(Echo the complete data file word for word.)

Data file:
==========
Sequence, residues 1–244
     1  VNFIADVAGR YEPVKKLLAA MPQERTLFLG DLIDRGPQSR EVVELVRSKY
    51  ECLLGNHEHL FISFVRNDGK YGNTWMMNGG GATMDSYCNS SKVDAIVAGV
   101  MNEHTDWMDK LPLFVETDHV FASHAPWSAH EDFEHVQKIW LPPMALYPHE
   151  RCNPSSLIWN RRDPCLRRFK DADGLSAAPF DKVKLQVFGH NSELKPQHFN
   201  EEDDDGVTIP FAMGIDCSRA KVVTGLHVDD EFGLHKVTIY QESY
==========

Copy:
Sequence, residues 1–244
     1  VNFIADVAGR YEPVKKLLAA MPQERTLFLG DLIDRGPQSR EVVELVRSKY
    51  ECLLGNHEHL FISFVRNDGK YGNTWMMNGG GATMDSYCNS SKVDAIVAGV
   101  MNEHTDWMDK LPLFVETDHV FASHAPWSAH EDFEHVQKIW LPPMALYPHE
   151  RCNPSSLIWN RRDPCLRRFK DADGLSAAPF DKVKLQVFGH NSELKPQHFN
   201  EEDDDGVTIP FAMGIDCSRA KVVTGLHVDD EFGLHKVTIY QESY